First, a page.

Though this can’t be denied, it should be noted that the same way a lot of the best music of the 60s (Beatles, Dylan, et al) actually came from the Greatest Generation, not the Boomers, much of the tech bandied about these days came from the minds of Gen X programmers and coders. We Millennials mostly didn’t come up with the tech you abhor, we simply consume it. So again, nearly everyone in their 20s is a sociopath (no matter the generation) and if you think Millennials are egregious with their tech, you just wait for the PM’s (post-Millennials).
When you’re not being an awesome dad to Char, you’re shaping the young minds of other kids as a teacher. Could you share with us your personal journey on why you decided to become a public educator?
It’s always been about writing for me (which is why I’m geeking out about Char in the nascent stages of literacy) — like generations of struggling writers before me, the default fallback before the big publishing deal or blog going viral or screenplay option has always been … teaching English. But much of being a teacher is more about managing the classroom, dealing with parents and admin and devoting the last few months of every school year to “teaching” to the state-issued standardized tests. My point being, there’s very little teaching in teaching – the public school system in America is a broken one, particularly in DC, and I am getting out of the teaching game after the holidays. I much prefer one-on-one tutoring than a classroom, as it’s a chance to actually connect with a student and deconstruct the content. And to be frank, the Dad TALKS or MD Pod have the potential to be more far-reaching and educational than anything that transpires in a public school classroom.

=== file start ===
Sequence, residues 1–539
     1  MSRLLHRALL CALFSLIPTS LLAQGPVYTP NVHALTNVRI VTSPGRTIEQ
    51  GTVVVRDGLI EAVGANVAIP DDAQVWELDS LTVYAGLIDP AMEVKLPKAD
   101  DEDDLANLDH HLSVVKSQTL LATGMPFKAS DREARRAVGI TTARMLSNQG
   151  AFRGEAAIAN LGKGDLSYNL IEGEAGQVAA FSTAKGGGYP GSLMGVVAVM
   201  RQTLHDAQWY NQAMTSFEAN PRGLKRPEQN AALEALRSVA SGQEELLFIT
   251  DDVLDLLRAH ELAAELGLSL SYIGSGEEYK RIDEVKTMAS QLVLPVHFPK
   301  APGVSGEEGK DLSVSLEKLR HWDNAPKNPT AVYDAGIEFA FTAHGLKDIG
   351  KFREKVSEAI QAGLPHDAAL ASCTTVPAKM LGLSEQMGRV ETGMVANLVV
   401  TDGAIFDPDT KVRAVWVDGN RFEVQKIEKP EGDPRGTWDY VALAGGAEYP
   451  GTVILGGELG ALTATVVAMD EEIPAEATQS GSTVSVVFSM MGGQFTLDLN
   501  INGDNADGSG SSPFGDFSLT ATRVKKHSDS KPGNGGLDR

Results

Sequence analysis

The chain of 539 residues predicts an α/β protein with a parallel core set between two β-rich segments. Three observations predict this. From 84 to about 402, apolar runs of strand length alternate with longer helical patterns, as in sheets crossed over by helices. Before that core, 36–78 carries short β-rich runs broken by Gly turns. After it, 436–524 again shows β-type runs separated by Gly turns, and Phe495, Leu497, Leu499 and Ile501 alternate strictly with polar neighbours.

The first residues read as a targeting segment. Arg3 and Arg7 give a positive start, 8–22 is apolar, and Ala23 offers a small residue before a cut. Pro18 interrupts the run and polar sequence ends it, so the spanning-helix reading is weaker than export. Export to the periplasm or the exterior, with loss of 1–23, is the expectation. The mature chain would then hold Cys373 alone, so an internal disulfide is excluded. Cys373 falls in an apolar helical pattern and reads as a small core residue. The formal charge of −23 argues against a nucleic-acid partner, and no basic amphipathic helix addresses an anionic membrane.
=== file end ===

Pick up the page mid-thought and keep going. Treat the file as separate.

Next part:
Why did you decide to become a stay-at-home dad? What are some perks besides being able to tell Char you love her 128 times a day?
Char was born in June of 2013 — after my former wife’s maternity leave, she returned to work and so commenced my stay-at-home dad career for the next three years. The decision was initially a pragmatic, fiscal one — she made more money than I did, I was at a sales job I loathed anyway and I loved the idea of spending that much time with my daughter. There are long stretches of Siberian-level boredom, horror-movie screams, and tantrums (from both of you) but also… the most perfect, lovely moments you wouldn’t be privy to otherwise if you weren’t there. Despite being a Millennial, there’s still a condescending stigma around being a stay-at-home dad in 2018, as we’re never as progressive as we think. Being a stay-at-home dad is literally just as it sounds — primary caregiver to your small child for their first few years. My tenure ended officially when Char went off to Pre-K two years ago, but she refers to Daddy as “special” because of this hallowed time we shared.
As both a father and a teacher to Gen-Z, what are the major generational differences you see between them (Gen-Z), us (Millennials), Gen-X, and your parents (Baby Boomers)? What sort of impact do you think those differences have on everyday life?
Firstly, I don’t go with the “Gen Z” moniker, mostly because we Millennials were supposed to be “Gen Y” (because we followed Gen X and … the alphabet) — and “Gen Y” never took off. So I, until the media comes to a cutesy consensus on what to call them in a decade, will be calling them PM’s (post-Millennials) for now.